Thursday, 24 January 2008

That charming, plaguey Justin

Does anybody else live on 'Cloud Nine' when planning their novels? I
love this part of the process of novel writing.

But Justin, my new hero, is intrusive. He won't go away. He is so
demanding that when thinking of him I nearly burned the spaghetti
sauce while cleaning the dining room table. And his partner to be is
taking shape in my mind - both her characteristics and physical
appearance. Oh dear, amongst other things, Justin wants me to go on
a shopping spree with him to make sure I know what he likes and
dislikes. And he's so bossy he will soon be writing letters to me
to tell me all about himself, where he was born, who his parents are
etc., etc, but I'm sure it will be interesting

But please, pretty please, Justin and whatever your name don't wake
me up in the middle of the night again to ask my advice, I need my

All the best,


Wednesday, 16 January 2008

Queen Anne - Part Two

Queen Anne – Part 2

Princess Anne’s mother died and her father, James, Duke of York, had taken the unpopular step of becoming a Roman Catholic. Her uncle, the childless King Charles II, knew politics demanded his heirs, Anne and her elder sister, Mary, be raised in the Protestant faith. He appointed Lady Frances Villiers, a committed Anglican, as their governess and leased Richmond palace to Frances and her husband.

The princesses benefited from country air and were privileged to live by the Thames in those days when, due to bad roads, the river was of great importance.

Anne’s indulgent father visited his daughters regularly, showered them with gifts and often stayed for several nights at Richmond Palace. Yet all was not well with the family. In 1673, due to the Test Act, which excluded anyone who did not take communion in the Anglican Church from public office, James was forced to resign as Lord High Admiral and to give up all his other official positions. In that age of fervent religious allegiances, I wonder what effect religious controversy and on Anne, a stubborn child.

What did Anne think when her father married fifteen year old Mary? History relates that James was captivated by his bride. Looking at a copy of her portrait, I’m not surprised. She was tall with a good figure, jet black hair, a fair skin and large eyes that her contemporaries at court described as ‘full of sweetness and light’. The proud bridegroom introduced his new wife to his daughters as a ‘playmate’ but Anne formed a bond, not with her stepmother, whose children would be raised in the Roman Catholic faith, but with vivacious Sarah Churchill, who would have such a profound influence on Anne’s life.

Motherless Anne, a Protestant ‘Cinderella’ of her times, has all the ingredients of a fictional heroine, but what would she make of her life? After all, she belonged to the tragic Stuart family.

It is in ‘Cinderella’s life and times that I have set my novel Tangled Hearts and am setting my new novel, Tangled Lives.

Rosemary Morris

Tangled Hearts available from, Amazon and in bookshops.

Queen Anne - Part One

My novel, Tangled Hearts, is set in the reign of Queen Anne a ‘Cinderella’ princess of little importance during her childhood.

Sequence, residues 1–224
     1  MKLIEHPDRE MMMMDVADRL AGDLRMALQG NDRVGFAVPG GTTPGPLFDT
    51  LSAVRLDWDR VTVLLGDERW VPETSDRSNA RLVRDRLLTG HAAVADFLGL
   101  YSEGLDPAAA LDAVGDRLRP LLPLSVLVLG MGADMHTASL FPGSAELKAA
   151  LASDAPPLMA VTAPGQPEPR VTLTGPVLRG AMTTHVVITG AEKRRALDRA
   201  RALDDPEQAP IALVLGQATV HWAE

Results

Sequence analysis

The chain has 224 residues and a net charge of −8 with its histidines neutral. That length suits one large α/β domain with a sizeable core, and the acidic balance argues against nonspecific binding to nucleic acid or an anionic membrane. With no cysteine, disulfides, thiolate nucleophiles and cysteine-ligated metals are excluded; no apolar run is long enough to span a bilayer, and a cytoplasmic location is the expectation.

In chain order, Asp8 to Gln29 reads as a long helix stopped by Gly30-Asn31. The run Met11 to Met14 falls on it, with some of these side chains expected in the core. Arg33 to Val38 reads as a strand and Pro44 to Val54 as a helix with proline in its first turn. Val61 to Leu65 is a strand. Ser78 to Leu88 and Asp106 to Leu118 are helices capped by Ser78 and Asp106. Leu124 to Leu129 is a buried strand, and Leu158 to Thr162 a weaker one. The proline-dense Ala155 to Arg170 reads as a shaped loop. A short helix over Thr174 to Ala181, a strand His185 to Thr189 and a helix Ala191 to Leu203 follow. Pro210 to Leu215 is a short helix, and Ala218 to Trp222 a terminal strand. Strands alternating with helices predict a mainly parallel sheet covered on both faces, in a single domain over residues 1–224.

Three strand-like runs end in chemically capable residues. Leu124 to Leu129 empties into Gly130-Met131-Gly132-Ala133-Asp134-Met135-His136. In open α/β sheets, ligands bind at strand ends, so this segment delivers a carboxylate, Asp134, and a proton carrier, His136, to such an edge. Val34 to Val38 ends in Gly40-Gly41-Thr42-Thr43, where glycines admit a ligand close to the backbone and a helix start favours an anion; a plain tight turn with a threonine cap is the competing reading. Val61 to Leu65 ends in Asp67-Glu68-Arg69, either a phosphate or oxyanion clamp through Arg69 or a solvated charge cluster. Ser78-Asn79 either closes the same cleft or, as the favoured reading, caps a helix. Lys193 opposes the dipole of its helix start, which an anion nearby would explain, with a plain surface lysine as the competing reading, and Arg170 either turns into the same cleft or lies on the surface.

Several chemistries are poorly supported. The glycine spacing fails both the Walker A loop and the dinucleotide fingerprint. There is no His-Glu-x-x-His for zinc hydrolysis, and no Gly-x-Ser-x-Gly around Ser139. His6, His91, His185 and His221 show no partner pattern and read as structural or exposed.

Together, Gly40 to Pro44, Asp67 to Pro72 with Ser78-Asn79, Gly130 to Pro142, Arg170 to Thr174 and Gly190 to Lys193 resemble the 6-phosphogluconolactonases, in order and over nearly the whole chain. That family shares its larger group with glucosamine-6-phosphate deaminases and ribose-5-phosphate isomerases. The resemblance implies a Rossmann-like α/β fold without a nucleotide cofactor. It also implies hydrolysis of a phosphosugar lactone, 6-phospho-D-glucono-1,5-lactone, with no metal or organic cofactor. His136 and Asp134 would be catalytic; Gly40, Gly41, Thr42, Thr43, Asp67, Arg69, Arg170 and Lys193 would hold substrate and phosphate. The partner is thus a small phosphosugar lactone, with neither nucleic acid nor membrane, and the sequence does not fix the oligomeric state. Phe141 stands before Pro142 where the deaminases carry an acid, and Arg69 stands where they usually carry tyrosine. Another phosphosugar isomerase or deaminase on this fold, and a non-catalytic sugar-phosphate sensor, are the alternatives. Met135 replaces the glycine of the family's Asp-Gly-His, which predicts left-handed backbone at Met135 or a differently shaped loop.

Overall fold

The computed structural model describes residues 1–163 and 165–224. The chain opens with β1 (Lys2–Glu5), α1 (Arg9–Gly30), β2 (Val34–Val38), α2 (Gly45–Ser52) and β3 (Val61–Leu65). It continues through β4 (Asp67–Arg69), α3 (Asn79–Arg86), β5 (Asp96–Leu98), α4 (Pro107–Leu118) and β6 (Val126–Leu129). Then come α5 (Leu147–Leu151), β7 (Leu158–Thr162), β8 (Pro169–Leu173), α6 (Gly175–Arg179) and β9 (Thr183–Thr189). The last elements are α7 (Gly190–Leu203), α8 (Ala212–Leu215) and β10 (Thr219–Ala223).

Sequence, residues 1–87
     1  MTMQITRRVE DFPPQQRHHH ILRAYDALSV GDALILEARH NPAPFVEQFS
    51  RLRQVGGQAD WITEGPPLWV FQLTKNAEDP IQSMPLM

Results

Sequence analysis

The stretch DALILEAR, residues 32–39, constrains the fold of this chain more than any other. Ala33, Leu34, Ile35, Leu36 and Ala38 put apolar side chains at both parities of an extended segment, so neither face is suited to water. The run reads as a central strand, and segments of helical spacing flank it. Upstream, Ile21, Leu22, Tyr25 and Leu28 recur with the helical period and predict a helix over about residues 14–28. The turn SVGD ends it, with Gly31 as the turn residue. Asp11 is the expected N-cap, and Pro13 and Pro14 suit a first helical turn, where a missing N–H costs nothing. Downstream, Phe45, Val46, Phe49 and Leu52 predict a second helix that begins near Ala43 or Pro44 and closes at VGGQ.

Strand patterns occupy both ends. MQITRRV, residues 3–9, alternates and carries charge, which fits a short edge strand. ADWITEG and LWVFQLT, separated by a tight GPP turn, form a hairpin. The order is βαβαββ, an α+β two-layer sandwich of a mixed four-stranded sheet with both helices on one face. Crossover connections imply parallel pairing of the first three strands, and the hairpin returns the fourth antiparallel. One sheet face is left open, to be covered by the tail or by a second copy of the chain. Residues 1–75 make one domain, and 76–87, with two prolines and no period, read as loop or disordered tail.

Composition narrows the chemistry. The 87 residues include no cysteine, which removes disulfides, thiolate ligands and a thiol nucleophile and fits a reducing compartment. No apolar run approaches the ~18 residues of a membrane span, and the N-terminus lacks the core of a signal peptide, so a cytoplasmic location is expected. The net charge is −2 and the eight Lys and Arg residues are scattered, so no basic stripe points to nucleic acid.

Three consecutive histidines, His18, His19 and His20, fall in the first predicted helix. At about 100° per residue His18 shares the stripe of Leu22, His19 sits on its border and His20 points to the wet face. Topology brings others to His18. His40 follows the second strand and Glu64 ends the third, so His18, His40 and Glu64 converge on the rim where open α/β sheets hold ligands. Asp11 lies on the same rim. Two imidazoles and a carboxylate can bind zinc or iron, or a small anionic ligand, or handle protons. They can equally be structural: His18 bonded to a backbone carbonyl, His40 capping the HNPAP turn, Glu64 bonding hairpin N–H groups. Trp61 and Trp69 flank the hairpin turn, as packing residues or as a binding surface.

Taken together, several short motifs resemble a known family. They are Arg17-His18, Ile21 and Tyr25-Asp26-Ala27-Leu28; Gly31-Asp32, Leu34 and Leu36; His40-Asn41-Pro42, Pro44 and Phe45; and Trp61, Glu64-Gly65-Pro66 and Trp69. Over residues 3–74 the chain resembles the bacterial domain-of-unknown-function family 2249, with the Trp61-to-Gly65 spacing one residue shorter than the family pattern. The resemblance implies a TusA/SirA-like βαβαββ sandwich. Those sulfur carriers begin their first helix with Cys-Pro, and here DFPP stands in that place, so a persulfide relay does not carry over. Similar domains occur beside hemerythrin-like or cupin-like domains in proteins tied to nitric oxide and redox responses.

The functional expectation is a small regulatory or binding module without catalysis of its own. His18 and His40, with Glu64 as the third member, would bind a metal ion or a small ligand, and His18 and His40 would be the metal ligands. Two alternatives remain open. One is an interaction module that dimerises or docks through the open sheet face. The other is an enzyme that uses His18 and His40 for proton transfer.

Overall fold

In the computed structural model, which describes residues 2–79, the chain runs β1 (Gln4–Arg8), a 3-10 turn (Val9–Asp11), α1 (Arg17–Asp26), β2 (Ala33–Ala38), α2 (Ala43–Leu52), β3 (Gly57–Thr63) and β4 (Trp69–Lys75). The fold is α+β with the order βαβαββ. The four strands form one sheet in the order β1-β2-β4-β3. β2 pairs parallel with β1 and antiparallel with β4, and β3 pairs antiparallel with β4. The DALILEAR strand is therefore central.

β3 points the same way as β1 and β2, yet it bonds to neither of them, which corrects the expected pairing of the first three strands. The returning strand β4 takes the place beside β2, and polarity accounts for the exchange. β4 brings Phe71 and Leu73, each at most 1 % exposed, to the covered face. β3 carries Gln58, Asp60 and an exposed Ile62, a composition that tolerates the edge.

At he birth, neither her uncle, Charles II, nor her father, James, Duke of York, imagined she would become the last of the Stuart monarchs. After all, Charles’ seven bastards proved his virility and there was every reason to believe he and his queen of three years would have legitimate heirs to the throne. And in the unlikely event of their not producing one, his brother and sister-in-law, James and Anne, had produced an elder brother and sister for the latest addition to their nursery, Baby Anne.

In those days infant mortality was high. The son ‘Cinderella’s’ mother carried when she married only lived for six months. But Anne and her older sister, Mary, survived the Great Plague which broke out in the year of her birth. The little princesses grew up in their nursery but their brother James, another brother and two little sisters died. One can imagine the effects of these deaths on ‘Cinderella’, a small girl with poor health whose weak eyes watered constantly.

Doubtless, it was with the best of intentions that with the consent of ‘Cinderella’s’ uncle, the king, her parents sent the four year old to her grandmother, widow of the executed Charles I, who now lived in France.

As I write, I have before me a portrait of Anne as a small girl painted by an unknown artist at the French Court. She is plump and adorable, dressed in brocade and playing with a King Charles spaniel. Her eyes are wary set in an oval face with a mouth shaped in a perfect cupid’s bow.

In 1699, after Anne’s grandmother died, the little girl passed into the care of her father’s sister, Henrietta Maria, Duchess of Orleans, whom Anne’s uncle, the King of England doted on. In 1670 five year old Anne had to cope with yet another death, this time that of her aunt, whose husband, younger brother of the French king, was suspected of poisoning her.

Anne returned to England, her eyes only slightly improved, to be reunited with her parents. By then her mother was unpopular because she had converted to the Church of Rome and her father, who in 1699, gave serious consideration to his salvation took Holy Communion from a papist priest. Her parents’ decisions would have a long term effect on the young princess Anne’s future.